- Lift the near-side tension bar and fabric with ropes so as you can attach 50% of the ratchet straps to their anchor points. The final tensioned placement of the bar will be about 320-370mm so measure 400mm after taking several turns around the ratchet strap. The fabric will then be even when you pull it over firmly.
- Place the ratchet straps on the far side anchor points so as the fabric can be secured quickly once it is pulled over.
- Attach ropes at about 3m intervals to the far-side tension bar. Use 10mm silver rope for 12m wide or less and 12mm rope for larger structures. We sometimes slice the rope about 5m in so it has a “Y” shape so one rope pulls two tie off points.
- Get extra people or vehicles to pull the the cover over. Make sure you have one or two EWPs on the inside to ensure the fabric slides smoothly. The curved pipe pockets are the danger points as if they get wedged into the “V” bracing contact points the fabric will rip if you cannot stop the pull quickly. It is good to have radios but better to have someone standing outside so there is immediate line-of-sight communication between the watchers and pullers.
Step #5c. Managing the wind factors
- We use www.willyweather.com to check the windspeeds on the day of the fabric pull and schedule the pull in the quietest time of the day, often around dawn. A hand held anemometer is used to accurately measure and record windspeed. If you are in for a spell of windy weather for days you can roll the fabric to the centre and place it on top of the apex (see #17) using extra retaining webbing straps to keep it under control in the wind as you lower it.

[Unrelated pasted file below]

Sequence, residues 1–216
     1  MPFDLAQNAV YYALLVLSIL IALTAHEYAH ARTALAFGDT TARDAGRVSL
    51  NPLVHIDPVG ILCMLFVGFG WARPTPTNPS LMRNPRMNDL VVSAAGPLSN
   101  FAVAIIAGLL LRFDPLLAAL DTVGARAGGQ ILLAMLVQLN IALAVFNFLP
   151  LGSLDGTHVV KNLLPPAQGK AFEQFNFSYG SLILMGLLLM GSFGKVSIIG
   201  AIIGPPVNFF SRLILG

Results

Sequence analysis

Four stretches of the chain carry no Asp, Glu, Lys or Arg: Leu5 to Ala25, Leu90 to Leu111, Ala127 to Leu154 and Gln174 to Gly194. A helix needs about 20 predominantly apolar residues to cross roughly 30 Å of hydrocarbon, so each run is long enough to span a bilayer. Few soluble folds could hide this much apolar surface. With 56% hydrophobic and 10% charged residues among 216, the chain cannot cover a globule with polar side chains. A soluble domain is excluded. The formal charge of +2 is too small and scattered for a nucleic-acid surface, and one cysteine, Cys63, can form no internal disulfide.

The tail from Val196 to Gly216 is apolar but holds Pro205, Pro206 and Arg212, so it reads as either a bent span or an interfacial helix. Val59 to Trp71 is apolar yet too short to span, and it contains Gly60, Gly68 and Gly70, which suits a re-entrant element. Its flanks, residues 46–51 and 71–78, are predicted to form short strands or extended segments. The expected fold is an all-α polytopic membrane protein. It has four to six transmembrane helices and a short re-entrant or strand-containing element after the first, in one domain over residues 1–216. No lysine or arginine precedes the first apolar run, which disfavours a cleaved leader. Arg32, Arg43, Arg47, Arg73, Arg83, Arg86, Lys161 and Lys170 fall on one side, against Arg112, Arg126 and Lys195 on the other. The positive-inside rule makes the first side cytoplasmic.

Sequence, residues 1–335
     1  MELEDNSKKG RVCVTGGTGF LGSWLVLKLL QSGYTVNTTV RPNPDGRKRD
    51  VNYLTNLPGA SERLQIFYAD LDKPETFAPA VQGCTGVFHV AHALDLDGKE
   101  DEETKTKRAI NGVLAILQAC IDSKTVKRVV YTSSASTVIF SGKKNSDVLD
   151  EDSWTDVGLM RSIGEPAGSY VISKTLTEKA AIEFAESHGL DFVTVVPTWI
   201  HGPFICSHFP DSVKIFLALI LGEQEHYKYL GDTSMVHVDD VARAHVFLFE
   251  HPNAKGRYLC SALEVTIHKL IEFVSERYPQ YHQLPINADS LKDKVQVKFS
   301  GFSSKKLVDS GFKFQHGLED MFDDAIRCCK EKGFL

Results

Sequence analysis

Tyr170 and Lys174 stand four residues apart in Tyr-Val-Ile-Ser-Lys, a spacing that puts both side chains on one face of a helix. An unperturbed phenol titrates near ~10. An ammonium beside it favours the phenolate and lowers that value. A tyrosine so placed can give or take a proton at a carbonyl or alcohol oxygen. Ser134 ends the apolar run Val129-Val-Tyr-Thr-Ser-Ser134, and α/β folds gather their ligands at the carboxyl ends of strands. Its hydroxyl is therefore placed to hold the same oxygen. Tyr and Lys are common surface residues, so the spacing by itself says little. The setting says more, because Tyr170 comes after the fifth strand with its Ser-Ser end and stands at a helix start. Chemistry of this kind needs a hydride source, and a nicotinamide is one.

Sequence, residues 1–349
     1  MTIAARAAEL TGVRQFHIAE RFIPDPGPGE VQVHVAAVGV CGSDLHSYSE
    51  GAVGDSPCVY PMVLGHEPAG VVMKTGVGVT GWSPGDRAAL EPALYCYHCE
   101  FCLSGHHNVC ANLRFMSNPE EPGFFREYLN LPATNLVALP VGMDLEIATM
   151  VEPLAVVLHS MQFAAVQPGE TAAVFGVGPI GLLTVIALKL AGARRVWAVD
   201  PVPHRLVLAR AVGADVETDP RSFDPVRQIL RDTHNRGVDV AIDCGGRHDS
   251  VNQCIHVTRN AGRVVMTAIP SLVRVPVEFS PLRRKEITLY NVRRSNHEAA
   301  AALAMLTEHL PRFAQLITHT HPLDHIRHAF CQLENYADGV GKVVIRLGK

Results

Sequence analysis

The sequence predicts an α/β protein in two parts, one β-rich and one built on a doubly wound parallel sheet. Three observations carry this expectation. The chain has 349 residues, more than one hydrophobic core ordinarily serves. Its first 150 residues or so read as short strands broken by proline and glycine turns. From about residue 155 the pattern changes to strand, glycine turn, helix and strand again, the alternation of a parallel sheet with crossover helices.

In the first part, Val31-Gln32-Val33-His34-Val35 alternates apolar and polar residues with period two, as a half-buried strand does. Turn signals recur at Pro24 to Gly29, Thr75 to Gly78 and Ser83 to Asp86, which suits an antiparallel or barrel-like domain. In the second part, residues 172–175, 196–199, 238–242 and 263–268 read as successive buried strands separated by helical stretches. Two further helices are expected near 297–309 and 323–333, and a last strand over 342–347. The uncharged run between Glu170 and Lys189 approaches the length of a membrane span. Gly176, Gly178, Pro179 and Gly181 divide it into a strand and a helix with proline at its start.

- Taurus Fabric build will not pull covers if there is 15kph or more wind at apex height blowing into the end of the structure.
- 15kph wind from the fabric rollout side will make the fabric act as a brake as the wind blows it into the frame work. Wait for lulls in the wind rather than put the fabric under high pressure.
- We can handle 20kph pulling into the wind. The fabric will take off like a kite and we use vehicles placed about 5m outside the end line of the structure to keep it centred. The end tension pipe with the ropes attached is also doubled screwed to allow for the extra forces on it and two or three short 5m free hanging ropes that will enable the fabric to be quickly pulled down to the anchor points and secured by the EWP crews.
Step #5d. Rolling the fabric for large structures
- For large structure we mark the dead centre of the fabric apex and roll the fabric and tension pipes into the centre. We will then attach slings at about 25% of the way in each end and lift the rolled fabric to the apex where it is secured with ratchet straps.
- We will then secure four soft webbing straps from anchor-point to anchor-point over the roll of fabric leaving about 300mm of slack in it. Ropes will leave rope burn damage on the fabric.
- Release the apex ratchet straps and unroll about 5m onside then the other side. This is hard work on the relatively flat apex and will require six or eight strong installers. Alternately when you roll the fabric roll several ropes in so as people on the ground can help with the unrolling process.
- Continue to unroll the fabric, one side then the other until you get to the point half way down the arch where the fabric is read to roll by itself. At this stage the fabric on the other side will act as an anchor and the fabric will unroll itself down to the bottom.
Step #5e. Tensioning the fabric for the main cover